RT: Just how acceptable is it to spend such enormous funds on democracy in a foreign country and to speak publicly about it?

VM: This is called meddling in another country's domestic affairs, which runs counter to international law. And we can see what this "democracy" ended up in, with radical nationalists setting the tune in Ukraine and preaching a Nazi ideology under slogans like "Ukraine for Ukrainians only". They don't even realize what a potentially explosive situation they’ve been creating. There are millions of Russians and other ethnicities there. Ukraine is a multiethnic state. So repealing the law on language caused a lot of outrage in the Russian-speaking regions in the east of the country - and that doesn't boil down to Russian speakers only. Annulling the law against Nazi propaganda was just as bad, even unthinkable. In fact, Yanukovych did hand in his power, like the opposition asked him to.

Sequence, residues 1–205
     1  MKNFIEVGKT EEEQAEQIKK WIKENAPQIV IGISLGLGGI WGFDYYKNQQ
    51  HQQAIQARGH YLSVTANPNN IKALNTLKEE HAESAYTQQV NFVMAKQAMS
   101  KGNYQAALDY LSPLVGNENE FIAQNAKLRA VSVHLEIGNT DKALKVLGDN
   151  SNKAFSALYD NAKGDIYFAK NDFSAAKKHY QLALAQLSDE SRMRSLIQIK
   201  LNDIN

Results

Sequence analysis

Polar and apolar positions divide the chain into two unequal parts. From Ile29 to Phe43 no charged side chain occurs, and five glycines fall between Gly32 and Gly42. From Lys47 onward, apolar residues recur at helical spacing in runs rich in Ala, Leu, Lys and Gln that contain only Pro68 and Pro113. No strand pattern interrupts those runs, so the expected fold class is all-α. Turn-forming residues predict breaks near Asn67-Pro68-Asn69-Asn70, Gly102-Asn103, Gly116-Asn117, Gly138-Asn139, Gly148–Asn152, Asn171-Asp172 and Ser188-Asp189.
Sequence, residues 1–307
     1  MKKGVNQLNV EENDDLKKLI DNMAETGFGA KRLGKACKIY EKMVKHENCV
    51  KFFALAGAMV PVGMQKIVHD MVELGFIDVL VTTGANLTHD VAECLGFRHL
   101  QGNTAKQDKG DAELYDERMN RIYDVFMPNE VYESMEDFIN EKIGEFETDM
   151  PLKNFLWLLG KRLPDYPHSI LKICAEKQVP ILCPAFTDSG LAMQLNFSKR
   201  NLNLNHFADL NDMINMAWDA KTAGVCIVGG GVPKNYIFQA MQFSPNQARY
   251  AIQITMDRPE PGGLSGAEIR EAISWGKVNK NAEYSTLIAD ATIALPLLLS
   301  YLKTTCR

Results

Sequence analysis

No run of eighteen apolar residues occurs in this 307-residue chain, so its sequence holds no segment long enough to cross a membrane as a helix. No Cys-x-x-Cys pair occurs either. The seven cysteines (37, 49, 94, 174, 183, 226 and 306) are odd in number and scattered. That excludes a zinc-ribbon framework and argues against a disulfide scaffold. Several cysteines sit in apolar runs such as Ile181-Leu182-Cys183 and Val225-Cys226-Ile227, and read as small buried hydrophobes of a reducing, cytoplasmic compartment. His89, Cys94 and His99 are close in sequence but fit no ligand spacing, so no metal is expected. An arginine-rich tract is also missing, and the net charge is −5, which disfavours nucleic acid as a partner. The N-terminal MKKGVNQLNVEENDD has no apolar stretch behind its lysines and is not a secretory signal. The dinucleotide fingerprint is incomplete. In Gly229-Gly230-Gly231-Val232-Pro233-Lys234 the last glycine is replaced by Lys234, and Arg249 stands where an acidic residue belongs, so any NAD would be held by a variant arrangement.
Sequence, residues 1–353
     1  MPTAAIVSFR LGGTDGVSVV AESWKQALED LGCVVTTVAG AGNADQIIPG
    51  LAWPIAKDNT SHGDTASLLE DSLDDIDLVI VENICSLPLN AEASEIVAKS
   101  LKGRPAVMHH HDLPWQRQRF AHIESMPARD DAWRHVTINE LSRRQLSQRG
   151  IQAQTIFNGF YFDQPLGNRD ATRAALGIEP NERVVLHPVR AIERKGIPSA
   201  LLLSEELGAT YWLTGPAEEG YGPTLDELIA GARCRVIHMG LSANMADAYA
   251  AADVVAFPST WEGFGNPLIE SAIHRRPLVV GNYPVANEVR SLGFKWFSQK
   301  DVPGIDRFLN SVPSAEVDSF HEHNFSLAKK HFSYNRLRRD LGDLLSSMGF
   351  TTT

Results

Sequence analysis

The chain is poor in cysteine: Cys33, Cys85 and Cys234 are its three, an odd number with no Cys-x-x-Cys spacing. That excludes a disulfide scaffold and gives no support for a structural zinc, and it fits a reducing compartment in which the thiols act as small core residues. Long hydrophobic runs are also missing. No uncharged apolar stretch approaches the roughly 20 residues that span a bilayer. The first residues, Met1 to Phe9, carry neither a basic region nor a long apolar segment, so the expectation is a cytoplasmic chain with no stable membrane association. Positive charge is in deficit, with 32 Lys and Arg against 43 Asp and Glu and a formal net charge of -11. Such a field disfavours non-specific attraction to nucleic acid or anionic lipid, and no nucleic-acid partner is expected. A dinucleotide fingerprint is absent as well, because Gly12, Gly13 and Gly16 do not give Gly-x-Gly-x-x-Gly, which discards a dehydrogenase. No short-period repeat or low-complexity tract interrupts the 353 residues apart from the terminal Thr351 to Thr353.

December 28, 2004.Ukrainian opposition leader Yushchenko flashes victory signs as he greets supporters during rally in central Kiev. (Reuters)

RT: You mean the 21st February agreement?